It’s important to note that the color of raw shrimp can vary depending on the species, size, diet, harvest season, and location. Raw shrimp can be anything from white to shades of gray with light blue covered in red, dark gray, or pink. After they’re cooked, shrimp will turn pink or red.
Additionally, it’s not uncommon for raw shrimp to turn pink in the fridge due to the breakdown of the pigment that gives them their gray color. This change in color does not necessarily mean that the shrimp are spoiled or unsafe to eat, but it’s important to check for any off smells or appearances before consuming them.
The Mystery Of Raw Shrimp Turning Pink
Have you ever noticed that raw shrimp can turn pink in the fridge? It may seem strange, but this color change is actually due to the breakdown of the pigment that gives shrimp their gray color. This pigment is sensitive to heat and light, and when exposed to cold temperatures, it can break down and result in a pale pink color.
But why do cooked shrimp turn pink? The answer lies in a molecule called astaxanthin, which belongs to the group of carotenoids. Even in uncooked raw shrimp, astaxanthin is present, but it is bound to proteins forming a complex called crustacyanin. This binding causes the two molecules to show as blue, and light cannot be reflected in the right way for it to show the pink color.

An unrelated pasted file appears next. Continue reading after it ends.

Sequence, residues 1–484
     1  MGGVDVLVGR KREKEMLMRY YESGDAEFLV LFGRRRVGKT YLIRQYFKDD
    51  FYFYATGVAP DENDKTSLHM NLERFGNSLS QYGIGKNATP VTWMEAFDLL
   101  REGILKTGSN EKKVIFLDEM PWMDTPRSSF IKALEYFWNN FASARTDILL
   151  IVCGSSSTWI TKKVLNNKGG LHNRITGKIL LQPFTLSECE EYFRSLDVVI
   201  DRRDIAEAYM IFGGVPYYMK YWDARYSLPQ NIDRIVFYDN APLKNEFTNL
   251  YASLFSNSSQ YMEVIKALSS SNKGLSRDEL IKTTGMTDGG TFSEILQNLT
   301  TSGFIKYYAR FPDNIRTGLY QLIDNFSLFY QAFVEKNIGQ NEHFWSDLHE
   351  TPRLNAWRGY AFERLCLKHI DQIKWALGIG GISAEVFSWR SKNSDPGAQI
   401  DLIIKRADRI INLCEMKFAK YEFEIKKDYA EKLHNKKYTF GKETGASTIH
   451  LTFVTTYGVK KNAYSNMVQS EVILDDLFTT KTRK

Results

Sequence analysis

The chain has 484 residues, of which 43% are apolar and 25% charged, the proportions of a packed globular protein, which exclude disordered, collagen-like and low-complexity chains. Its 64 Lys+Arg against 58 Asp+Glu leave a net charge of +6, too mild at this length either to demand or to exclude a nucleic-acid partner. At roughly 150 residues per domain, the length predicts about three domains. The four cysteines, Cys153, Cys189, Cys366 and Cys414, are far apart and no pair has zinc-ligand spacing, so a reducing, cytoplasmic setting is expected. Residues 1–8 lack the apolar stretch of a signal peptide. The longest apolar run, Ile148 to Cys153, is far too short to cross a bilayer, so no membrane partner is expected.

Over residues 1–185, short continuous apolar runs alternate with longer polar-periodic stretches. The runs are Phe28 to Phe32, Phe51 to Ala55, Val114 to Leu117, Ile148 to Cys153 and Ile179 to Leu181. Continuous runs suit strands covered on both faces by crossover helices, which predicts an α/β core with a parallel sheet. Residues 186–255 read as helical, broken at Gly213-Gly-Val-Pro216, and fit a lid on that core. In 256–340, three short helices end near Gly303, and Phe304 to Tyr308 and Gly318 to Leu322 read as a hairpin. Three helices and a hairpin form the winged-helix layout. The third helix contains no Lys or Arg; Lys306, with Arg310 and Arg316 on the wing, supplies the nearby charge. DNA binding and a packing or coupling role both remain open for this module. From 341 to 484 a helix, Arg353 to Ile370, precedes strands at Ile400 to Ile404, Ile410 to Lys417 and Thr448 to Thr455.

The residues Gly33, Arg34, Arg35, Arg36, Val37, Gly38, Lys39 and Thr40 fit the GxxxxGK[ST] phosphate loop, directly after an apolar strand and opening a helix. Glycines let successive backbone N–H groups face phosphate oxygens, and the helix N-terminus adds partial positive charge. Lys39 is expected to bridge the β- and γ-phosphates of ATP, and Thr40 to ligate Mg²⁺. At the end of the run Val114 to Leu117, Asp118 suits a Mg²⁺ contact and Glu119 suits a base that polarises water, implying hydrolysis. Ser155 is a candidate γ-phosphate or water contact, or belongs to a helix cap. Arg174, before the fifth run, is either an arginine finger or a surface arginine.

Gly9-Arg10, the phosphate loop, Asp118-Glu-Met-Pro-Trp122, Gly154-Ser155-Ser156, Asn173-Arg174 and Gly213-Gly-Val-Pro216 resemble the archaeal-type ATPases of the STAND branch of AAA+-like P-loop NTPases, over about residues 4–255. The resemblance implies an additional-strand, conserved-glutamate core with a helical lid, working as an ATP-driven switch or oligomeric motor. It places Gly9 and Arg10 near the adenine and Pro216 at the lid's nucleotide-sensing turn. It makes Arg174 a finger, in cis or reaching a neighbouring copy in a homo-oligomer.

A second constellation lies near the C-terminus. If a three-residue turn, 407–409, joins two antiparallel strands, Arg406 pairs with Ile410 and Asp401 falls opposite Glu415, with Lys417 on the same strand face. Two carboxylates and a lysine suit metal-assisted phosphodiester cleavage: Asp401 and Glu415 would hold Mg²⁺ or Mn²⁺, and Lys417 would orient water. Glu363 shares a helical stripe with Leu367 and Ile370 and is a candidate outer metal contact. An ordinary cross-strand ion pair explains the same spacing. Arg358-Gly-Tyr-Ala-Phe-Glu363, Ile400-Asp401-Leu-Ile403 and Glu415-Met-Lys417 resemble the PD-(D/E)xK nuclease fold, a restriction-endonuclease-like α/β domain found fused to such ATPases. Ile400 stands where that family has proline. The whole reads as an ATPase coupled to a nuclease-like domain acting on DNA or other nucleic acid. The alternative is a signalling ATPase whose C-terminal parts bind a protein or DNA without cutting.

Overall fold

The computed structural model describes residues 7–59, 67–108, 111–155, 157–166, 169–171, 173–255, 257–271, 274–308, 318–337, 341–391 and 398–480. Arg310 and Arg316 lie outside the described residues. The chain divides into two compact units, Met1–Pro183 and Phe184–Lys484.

However, when shrimp are cooked, the high temperatures cause the protein chains to denature, which means they unfold and change shape. As a result, the astaxanthin is unbound from the protein complex and reflects light differently, resulting in the beautiful pink color we all love.
So next time you see raw shrimp turning pink in your fridge or watch as your shrimp turn from blue-gray to pink when cooked, you’ll know it’s all thanks to astaxanthin and its unique reaction to heat.
Factors That Affect Shrimp Color
Several factors can affect the color of shrimp. One of the most important is their diet. Shrimp are known to feed on microalgae, which contains carotenoid pigments, including astaxanthin. The more astaxanthin they consume, the more pink their skin becomes.